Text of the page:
How to lose friends and influence nobody

By Celia Burns on 8th October 2013

I often find myself sitting next to someone at a social event and being asked what I do for a living. When I answer I am a dentist, there is usually an interesting conversation that follows, which more often than not contains some comments about the things that my companion dislikes about visiting a dental practice. The same things crop up again and again and here are some of them:

Dentists: How To Wind Up Your Patients

When they tell you it hurts, tell them it doesn’t.

Keep your patients waiting 20 minutes for their appointment. However, when they are 15 minutes late for their visit, refuse to see them. This makes it clear your time is much more valuable than the patient’s. And whatever you do, don’t warn them if you are running late when they arrive.

Talk to them when they have a mouth full of dental stuff.

Use lots of jargon.

Forget they are there while you treat them. Discuss your dental nurse’s holiday and her child’s verruca in depth while digging around in their mouth.

Waggle that pointy metal probe as hard as you can in any cavity you spot. You will know you have done this right when the patient screams.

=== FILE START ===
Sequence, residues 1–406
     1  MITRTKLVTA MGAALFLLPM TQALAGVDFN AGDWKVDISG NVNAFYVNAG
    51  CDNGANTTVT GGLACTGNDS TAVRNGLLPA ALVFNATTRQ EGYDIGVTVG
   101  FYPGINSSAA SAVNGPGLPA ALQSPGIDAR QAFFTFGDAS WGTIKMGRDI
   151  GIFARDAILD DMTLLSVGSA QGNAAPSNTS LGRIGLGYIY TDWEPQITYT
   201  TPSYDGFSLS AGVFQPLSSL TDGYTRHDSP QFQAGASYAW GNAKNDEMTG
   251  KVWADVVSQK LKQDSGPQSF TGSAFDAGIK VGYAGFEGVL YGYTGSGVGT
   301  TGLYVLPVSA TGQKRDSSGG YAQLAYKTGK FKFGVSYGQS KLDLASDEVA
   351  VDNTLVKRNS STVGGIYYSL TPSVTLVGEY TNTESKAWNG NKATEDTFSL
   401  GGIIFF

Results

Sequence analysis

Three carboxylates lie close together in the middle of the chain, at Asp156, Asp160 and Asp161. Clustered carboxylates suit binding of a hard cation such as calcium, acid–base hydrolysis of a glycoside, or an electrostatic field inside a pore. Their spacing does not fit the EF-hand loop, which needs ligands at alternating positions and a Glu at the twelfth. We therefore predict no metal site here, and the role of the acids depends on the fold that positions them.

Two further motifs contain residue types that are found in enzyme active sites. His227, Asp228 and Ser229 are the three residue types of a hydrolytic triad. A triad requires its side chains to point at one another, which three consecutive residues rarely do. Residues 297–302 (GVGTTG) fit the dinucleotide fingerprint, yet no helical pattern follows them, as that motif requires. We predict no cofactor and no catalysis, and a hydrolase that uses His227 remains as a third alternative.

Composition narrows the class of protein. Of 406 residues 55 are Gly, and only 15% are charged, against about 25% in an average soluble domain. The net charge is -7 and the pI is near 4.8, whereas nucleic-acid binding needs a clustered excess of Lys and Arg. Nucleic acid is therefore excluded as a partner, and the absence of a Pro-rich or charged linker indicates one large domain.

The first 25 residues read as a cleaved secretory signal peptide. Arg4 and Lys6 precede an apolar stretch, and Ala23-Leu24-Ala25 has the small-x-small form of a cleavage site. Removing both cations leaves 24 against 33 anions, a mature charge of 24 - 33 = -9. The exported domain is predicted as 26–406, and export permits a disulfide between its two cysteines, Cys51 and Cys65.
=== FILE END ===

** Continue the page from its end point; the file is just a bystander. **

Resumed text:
Of course, in the company of dentists, a somewhat different conversation tends to occur. If you are a patient, have a count of how many of these you may have done!

Patients: How To Wind Up Your Dentist

Walk in and say “I hate the dentist”. For maximum effect, say this before you even say hello.

Cancel your appointment the day before because you now have something else you would rather do. This makes it clear that your time is far more valuable than the dentist’s.

Eat crisps in the patient lounge while you wait for your appointment.

Open your mouth just wide enough for the dentist to get their fingers in, then use said fingers as a nice bite rest while they try to do your filling.

Ask them if your bill is paying for their Porsche.

Decline any recommended treatment then demand to be booked in immediately when the tooth is hurting three months later.

At the end of your check up, wait for the nurse to put everything into the steriliser and the dentist to remove his gloves, mask and glasses, then ask about the chip on the lower molar you wanted their advice about.

So now you know!

Share Article

  • Share on Facebook
  • Share on Twitter
  • Share by Email

About the Author

Celia Burns - Principal Dentist & Clinical Director

My first love isn’t teeth; it’s people. That’s why I love being a dentist. It’s the best feeling in the world to be able to help an anxious patient, who has possibly avoided going to the dentist for many years, build their trust in me, and I get a real thrill from helping someone achieve the confidence in their smile that they want.

Six Month Smiles BACD - British Academy of Cosmetic Dentistry British Dental Association The Oral Health Foundation GDC